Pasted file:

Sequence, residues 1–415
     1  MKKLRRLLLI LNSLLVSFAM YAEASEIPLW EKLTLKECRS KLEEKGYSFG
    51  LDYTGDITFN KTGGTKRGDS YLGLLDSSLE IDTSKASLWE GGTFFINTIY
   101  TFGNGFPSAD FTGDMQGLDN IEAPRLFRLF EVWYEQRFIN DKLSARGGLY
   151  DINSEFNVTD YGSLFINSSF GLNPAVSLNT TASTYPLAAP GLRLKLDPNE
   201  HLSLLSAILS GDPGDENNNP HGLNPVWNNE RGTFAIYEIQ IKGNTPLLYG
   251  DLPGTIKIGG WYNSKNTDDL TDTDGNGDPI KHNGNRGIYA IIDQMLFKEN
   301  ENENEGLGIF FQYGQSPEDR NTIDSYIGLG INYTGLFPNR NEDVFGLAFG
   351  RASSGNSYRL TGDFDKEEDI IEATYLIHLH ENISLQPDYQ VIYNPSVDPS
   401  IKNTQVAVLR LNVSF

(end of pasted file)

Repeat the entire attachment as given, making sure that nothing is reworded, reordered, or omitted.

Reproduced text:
Sequence, residues 1–415
     1  MKKLRRLLLI LNSLLVSFAM YAEASEIPLW EKLTLKECRS KLEEKGYSFG
    51  LDYTGDITFN KTGGTKRGDS YLGLLDSSLE IDTSKASLWE GGTFFINTIY
   101  TFGNGFPSAD FTGDMQGLDN IEAPRLFRLF EVWYEQRFIN DKLSARGGLY
   151  DINSEFNVTD YGSLFINSSF GLNPAVSLNT TASTYPLAAP GLRLKLDPNE
   201  HLSLLSAILS GDPGDENNNP HGLNPVWNNE RGTFAIYEIQ IKGNTPLLYG
   251  DLPGTIKIGG WYNSKNTDDL TDTDGNGDPI KHNGNRGIYA IIDQMLFKEN
   301  ENENEGLGIF FQYGQSPEDR NTIDSYIGLG INYTGLFPNR NEDVFGLAFG
   351  RASSGNSYRL TGDFDKEEDI IEATYLIHLH ENISLQPDYQ VIYNPSVDPS
   401  IKNTQVAVLR LNVSF